The Law of the Sea Convention and U.S. Policy

Description:

On November 16, 1994, the U.N. Law of the Sea Convention entered into force but without accession by the United States. The major part of the 1982 Law of the Sea Convention had been supported by U.s. Administrations, beginning with President Reagan, as fulfilling U.S. interests in having a comprehensive legal framework relating to competing uses of the world's oceans. However, the United States and many industrialized countries found some of the provisions relating to deep seabed mining in Part XI and Annexes III and IV of the Convention contrary to their interests and would not sign or act to ratify the Convention. A number of questions face the Senate as it considers the Convention/Agreement package, including the following: 1) Does the Agreement sufficiently resolve opposing concerns about the deep seabed mining provisions? 2) What precedent does U.S. acceptance of the Convention/Agreement definition of the common heritage of mankind concept establish? 3) What authority should Congress exert over the expenses of another international organization (the International Seabed Authority)?

Creator(s):
Creation Date: June 16, 2006
Partner(s):
UNT Libraries Government Documents Department
Collection(s):
Congressional Research Service Reports
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Place of Publication: Washington, D.C.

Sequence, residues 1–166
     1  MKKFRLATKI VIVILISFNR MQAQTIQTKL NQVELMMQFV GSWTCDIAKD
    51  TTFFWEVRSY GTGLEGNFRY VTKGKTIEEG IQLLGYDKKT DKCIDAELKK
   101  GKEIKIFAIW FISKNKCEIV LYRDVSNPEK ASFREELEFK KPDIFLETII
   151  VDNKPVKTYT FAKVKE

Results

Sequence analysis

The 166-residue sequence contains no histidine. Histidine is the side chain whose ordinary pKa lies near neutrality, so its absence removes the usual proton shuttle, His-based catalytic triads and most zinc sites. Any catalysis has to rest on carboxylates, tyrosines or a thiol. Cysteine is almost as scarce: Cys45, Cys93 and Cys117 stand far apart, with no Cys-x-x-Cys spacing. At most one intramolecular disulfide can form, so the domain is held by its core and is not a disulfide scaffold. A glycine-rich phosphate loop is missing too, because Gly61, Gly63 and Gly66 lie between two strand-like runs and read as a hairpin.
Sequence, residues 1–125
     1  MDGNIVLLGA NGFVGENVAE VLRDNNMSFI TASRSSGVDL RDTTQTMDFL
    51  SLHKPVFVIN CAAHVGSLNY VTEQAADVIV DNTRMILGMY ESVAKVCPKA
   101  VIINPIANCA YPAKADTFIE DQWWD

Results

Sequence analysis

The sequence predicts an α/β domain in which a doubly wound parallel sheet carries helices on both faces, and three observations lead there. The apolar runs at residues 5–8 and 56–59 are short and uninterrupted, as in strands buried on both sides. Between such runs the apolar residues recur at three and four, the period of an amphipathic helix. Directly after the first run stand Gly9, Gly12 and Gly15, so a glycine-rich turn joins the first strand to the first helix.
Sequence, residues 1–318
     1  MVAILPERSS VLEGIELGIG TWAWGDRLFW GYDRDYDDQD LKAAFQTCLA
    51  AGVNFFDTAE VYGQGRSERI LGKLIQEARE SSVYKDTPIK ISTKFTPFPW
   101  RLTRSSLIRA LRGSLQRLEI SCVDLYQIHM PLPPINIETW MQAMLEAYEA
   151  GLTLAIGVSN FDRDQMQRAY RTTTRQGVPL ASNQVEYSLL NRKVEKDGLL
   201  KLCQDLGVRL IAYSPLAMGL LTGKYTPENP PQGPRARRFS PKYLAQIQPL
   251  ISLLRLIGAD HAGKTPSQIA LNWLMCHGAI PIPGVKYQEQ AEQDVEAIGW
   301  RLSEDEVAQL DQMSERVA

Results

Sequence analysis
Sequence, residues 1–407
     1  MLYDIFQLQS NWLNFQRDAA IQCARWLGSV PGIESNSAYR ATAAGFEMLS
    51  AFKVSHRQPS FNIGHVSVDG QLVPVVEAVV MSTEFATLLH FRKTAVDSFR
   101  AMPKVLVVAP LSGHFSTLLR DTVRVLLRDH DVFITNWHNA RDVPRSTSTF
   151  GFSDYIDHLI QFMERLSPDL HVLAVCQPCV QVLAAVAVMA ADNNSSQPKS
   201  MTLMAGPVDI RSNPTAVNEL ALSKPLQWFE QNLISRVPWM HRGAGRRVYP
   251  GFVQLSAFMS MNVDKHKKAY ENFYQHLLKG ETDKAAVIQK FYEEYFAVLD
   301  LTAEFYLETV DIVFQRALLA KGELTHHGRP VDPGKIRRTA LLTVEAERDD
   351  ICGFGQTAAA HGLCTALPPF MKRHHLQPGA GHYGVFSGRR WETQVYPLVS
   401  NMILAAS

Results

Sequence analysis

Date(s):
  • Creation: June 16, 2006
  • Digitized: July 7, 2006
Description:

On November 16, 1994, the U.N. Law of the Sea Convention entered into force but without accession by the United States. The major part of the 1982 Law of the Sea Convention had been supported by U.s. Administrations, beginning with President Reagan, as fulfilling U.S. interests in having a comprehensive legal framework relating to competing uses of the world's oceans. However, the United States and many industrialized countries found some of the provisions relating to deep seabed mining in Part XI and Annexes III and IV of the Convention contrary to their interests and would not sign or act to ratify the Convention. A number of questions face the Senate as it considers the Convention/Agreement package, including the following: 1) Does the Agreement sufficiently resolve opposing concerns about the deep seabed mining provisions? 2) What precedent does U.S. acceptance of the Convention/Agreement definition of the common heritage of mankind concept establish? 3) What authority should Congress exert over the expenses of another international organization (the International Seabed Authority)?

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Partner:
UNT Libraries Government Documents Department
Collection:
Congressional Research Service Reports
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Resource Type: Report
Format: Text